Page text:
It was a privilege to catch a session of Barry Humphries' 'Farewell Tour' of the UK (I think it's already toured in the antipodes). Dame Edna, who's been around since the mid-1950's will be missed. The show filled the London Palladium, a big old theatre dating from 1910, and the audience were in stitches. This could have been because of the thoroughly non-PC jokes, or it could have been because the English find Australians ridiculous. In any event, a great night was had by all.
We were regaled in the first half by the gross Sir Les Patterson, who managed to enquire if there was anyone left in Poland? "It must be the Marie Celeste of Europe." The farting and toilet jokes wore a little thin after an hour or so; but before Edna joined us for the second half, we segued into a wonderful Humphries character named Sandy Stone.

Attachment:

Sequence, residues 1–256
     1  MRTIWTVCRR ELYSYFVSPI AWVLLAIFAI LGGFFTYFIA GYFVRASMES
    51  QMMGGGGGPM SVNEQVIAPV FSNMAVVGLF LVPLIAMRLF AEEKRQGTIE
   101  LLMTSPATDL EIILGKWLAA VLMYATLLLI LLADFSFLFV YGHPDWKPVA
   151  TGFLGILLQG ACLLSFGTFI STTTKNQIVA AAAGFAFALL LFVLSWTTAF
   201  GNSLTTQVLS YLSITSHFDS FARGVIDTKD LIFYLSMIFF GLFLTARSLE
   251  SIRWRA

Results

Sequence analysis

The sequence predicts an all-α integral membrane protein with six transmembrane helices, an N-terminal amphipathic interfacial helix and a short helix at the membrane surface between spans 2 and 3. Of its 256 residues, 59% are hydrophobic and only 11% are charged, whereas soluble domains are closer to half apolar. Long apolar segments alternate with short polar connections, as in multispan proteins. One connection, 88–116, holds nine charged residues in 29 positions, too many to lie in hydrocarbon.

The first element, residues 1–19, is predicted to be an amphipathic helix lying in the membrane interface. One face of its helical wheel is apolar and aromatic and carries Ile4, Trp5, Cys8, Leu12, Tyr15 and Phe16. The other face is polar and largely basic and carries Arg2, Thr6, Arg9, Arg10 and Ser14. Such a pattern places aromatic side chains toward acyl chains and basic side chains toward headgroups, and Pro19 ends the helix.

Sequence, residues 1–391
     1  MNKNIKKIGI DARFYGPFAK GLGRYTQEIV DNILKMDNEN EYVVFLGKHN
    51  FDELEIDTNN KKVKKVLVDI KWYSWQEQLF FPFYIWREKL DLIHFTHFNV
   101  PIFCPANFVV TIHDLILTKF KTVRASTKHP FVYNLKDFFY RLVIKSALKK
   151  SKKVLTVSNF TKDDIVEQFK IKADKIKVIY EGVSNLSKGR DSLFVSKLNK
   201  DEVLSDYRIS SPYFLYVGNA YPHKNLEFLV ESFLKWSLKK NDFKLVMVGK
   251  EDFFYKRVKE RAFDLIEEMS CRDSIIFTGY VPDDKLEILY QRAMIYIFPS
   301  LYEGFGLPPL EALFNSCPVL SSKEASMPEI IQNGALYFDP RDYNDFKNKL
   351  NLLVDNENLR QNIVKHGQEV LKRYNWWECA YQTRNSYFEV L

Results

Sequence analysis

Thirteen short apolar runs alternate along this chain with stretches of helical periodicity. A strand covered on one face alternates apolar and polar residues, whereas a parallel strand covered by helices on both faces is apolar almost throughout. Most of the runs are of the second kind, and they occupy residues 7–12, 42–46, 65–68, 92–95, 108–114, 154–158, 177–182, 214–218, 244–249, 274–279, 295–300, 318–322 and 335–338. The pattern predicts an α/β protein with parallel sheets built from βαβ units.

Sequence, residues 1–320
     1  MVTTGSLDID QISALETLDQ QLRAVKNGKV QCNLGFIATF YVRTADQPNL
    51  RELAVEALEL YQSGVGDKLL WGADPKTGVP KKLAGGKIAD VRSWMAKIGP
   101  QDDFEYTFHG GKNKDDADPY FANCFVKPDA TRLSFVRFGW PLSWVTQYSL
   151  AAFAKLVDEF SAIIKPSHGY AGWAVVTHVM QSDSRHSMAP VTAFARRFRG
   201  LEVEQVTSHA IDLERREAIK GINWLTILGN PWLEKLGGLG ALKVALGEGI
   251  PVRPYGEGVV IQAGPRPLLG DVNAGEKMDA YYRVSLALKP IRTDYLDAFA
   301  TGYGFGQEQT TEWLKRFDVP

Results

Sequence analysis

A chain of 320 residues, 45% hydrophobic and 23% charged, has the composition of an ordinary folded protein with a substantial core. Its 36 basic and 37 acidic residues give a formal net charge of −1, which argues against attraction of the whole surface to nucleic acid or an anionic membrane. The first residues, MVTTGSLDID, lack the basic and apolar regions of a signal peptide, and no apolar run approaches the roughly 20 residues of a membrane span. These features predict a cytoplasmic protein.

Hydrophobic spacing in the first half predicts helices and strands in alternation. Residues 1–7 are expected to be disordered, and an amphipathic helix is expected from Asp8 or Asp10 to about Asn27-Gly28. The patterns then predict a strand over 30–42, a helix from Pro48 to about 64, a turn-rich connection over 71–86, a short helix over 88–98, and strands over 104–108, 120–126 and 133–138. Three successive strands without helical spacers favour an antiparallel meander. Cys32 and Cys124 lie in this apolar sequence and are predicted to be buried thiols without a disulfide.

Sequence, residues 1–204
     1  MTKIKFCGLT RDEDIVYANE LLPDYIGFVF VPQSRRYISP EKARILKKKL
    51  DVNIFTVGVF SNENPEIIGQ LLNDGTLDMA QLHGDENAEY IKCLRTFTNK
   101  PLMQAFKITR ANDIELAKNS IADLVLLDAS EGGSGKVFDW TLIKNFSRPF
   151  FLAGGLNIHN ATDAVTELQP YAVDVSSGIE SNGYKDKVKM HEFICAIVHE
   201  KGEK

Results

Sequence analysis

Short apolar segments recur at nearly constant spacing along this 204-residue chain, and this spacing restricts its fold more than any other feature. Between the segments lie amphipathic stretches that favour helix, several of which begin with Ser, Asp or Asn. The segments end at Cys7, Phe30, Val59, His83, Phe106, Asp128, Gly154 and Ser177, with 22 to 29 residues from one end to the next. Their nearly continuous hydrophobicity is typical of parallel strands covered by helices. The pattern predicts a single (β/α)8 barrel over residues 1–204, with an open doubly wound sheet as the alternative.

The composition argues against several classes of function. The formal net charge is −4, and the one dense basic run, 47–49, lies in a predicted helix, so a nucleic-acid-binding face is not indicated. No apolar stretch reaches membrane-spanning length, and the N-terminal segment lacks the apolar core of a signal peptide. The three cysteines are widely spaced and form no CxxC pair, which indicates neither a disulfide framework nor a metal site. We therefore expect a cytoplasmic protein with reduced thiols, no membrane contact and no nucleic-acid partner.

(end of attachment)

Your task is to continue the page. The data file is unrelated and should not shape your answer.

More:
The Guardian reviewer, like me, is very fond of the character Sandy Stone:
"But my favourite Humphries creation is Sandy Stone, a suburban oldster who reminisces about a contented, if unfulfilled, life from beyond the grave. "Since my cremation," Sandy announces, whistling through his false teeth, "I've kept a pretty low profile." But Humphries is at his best when Sandy talks of the treatment inflicted on his wife as a "care recipient". There is a Swiftian anger in Humphries' account of the way the strict job demarcation of the "wellness team" prevents them helping an old woman writhing on the floor in agony. Even the way Sandy's wife is taught to reply to the simplest question with "fantastic" when she means "yes" is an index of society's casual disrespect for senior citizens."
Edna then does her thing, involving those foolish enough to take seats in the front rows. Her material is well worn, but still produces many laughs. The show ended with the touching appearance of Barry Humphries himself, having shed all his characters (excepting only Edna's fingernail polish), to bid us adieu. He ended with an anecdote from his earliest days in theatre, when he'd been mis-cast as a Shakespearean Lothario in tights. "Why do they always laugh when I go on?" he asked his director. "It's not the tights," the director answered. "You're just naturally ridiculous." So true.